Step Six: Write Website Copy
Writing the website copy is a crucial part of the whole minisite process.
After all, you only have limited space to convey your point and say what you want to say.
If it helps, create a buyer persona sheet that elaborates on who you’re trying to target and the type of messaging that resonates with them the best.
Step Seven: Launch the Minisite & Drive Traffic
Now is the time in the process where you’ll actually launch your microsite.
This is a big deal, as it means your idea is fully out into the world.
Since you won’t be focusing too heavily on search optimization, try sending traffic to it with paid ads, social media marketing, email blasts to your brand’s main list, or whatever else your marketing team comes up with.
Some big brands even buy billboards, television commercial time, and more to hype consumers up.
Step Eight: Wait Out the Duration
This part is less exciting, but waiting out the duration of the campaign is important.
By the end, the main focus of your microsite will come and go.
Maybe that event you were drawing attention to is over or you’ve given away the sweepstakes item to a few lucky winners.
Perhaps the product you were pushing is long gone or the excitement is over.
Whatever you’re waiting on to happen, let it happen.
Step Nine: Take It Down
Finally, you’ll want to take your minisite down after an extended period of time.
Keeping it up just competes with the traffic of your main brand website, which can be a bit of a pain in terms of long-term marketing.
If your event is annual, you might actually consider leaving the microsite up, but adding wording that states customers should plan to attend next year.
Attention: pointing separate domain names to your main website
As an added word of caution, it is important to note that building a microsite just to point the domain name to your page later is not generally a good idea.
Google is not a fan, which means you could be hurting your overall organic chances and ranking position later on if that is your plan.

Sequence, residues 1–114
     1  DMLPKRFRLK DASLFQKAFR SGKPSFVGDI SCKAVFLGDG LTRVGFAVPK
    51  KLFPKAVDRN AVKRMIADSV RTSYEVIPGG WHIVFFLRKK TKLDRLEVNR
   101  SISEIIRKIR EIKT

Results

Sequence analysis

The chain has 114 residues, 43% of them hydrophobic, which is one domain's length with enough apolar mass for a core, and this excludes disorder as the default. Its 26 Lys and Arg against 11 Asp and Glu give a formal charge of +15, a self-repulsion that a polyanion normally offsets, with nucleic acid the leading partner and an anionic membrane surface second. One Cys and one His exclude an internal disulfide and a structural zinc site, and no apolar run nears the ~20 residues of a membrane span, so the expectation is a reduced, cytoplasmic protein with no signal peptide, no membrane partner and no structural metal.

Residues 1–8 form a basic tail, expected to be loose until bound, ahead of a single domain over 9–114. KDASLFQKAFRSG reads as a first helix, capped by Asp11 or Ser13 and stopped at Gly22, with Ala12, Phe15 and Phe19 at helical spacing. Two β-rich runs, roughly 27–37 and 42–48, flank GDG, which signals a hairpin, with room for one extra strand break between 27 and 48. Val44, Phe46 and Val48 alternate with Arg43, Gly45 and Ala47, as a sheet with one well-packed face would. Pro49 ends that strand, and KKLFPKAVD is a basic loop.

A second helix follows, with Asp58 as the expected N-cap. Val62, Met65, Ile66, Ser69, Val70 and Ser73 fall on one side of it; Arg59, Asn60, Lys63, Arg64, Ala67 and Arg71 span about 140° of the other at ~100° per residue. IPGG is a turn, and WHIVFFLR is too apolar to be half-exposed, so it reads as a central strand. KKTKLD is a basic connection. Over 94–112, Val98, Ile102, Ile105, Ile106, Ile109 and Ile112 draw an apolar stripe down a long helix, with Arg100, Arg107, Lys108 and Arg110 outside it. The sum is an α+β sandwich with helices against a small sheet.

While it is okay to link to your main website, do not point the microsite domain to the main page after you’re through with the niche page.
Examples of Minisites
We wouldn’t want to give you an ultimate guide on minisites without at least giving you a few key examples.
These are all pages based on the idea that a minisite is separate from the brand’s main page, offers a singular focus, and can be taken down at any time when the event or product launch is over.
- Goldfish Smiles by Pepperidge Farms.
- My Creative Type by Adobe.
- Every Last Drop by Waterwise.
- Campaign for Nursing’s Future by Johnson & Johnson.
How do You Know a Minisite is Right for Your Business?
Understanding when and how to use a minisite for your business is important.
Not all brands really need one to create buzz for a particular reason, but it can be a good way to ensure the right level of attention lands on what you’re focusing on.
If you’re thinking about creating a microsite, decide whether the event or product is far enough removed from your general brand focus.
Those that are fairly close to what you normally do should just be left on your main homepage.
Also, your minisite focus should be somewhat temporary, lasting a few weeks to several months.
If it is something that is a long-term focus, then go ahead and just leave it on your main page or build out a full website instead.
Downside to Minisites
Of course, we need to at least touch on a few reasons why you might not want to have a minisite for your brand.
Here are a few that you might want to consider.
Slower traffic growth than existing website
You’ve worked hard to build up your audience on your existing website.
A brand new niche page might take longer for your target market to find unless you’re doing a fair amount of paid promotion.
Time and resources to build
Microsites are small, but they still take a fair amount of time and resources for your team to complete.
And that can take away the focus temporarily from your main website.
Diluted audience engagement
If your main target audience is having to go elsewhere to engage with your content, this dilutes the interaction they’re doing on your main website.
Confusing loyal customers
Some long-term loyal customers might not understand the reason behind why you have a minisite in the first place.
Thus, it is important to make it clear that this smaller page focuses on a specific event or product, but your main website is still primary for your brand.
While these are all factors that come to mind when deciding if a minisite is an ideal choice for your defined purpose, it is important to remember that having them does make sense for some reasons more than others.
Wrap Up: Creating Minisites for Marketing
A solid way to draw attention to a very specific purpose, event, or product is to create a minisite.
Not only does it offer extra flexibility, but it also allows you to test out specific marketing messaging in a way that is separate from your main website.
Plus, you have the ability to take it down when whatever you’re promoting is through.
Not only is this something that major brands do on a regular basis, but it also works well with both B2B and B2C applications.
As we mentioned in this post, one great tactic is to use interactive elements as part of your minisite.
So check out our ebook with tons of tips on getting started with interactive marketing!